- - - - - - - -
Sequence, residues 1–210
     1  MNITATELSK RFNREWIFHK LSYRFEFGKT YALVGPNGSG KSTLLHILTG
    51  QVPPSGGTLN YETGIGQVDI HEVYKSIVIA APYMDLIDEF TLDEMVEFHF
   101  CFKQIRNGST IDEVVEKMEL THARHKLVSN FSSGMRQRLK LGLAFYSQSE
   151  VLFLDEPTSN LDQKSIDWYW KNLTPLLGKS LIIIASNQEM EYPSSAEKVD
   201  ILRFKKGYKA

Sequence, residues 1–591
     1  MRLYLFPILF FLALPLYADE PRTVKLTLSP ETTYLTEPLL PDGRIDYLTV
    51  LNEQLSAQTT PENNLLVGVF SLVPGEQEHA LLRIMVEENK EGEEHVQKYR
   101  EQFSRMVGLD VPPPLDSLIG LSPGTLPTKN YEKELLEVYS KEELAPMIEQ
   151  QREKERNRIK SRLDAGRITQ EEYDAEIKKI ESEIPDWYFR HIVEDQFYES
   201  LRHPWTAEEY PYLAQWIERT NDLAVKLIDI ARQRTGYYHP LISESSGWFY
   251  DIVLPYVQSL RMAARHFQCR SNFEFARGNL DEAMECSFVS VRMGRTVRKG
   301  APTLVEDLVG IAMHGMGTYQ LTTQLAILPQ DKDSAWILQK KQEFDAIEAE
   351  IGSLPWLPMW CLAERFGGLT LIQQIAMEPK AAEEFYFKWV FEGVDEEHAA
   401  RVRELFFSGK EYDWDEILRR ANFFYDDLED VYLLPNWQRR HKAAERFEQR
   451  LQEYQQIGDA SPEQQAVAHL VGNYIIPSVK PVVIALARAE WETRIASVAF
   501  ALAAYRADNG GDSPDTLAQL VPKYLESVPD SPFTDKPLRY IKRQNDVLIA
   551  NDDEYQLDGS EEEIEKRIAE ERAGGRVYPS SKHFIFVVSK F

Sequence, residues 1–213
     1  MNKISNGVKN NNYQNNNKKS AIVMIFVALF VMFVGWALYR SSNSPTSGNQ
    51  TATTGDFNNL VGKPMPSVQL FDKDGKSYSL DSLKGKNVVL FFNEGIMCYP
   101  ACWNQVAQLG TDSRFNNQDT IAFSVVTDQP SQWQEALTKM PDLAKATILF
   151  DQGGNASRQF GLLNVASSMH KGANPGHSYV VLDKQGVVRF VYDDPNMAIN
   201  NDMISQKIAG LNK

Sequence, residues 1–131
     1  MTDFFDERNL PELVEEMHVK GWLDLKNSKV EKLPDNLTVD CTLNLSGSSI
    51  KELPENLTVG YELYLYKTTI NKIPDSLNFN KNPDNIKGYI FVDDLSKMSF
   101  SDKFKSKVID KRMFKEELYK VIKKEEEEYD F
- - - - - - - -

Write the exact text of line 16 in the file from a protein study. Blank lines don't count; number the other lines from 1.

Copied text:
   401  RVRELFFSGK EYDWDEILRR ANFFYDDLED VYLLPNWQRR HKAAERFEQR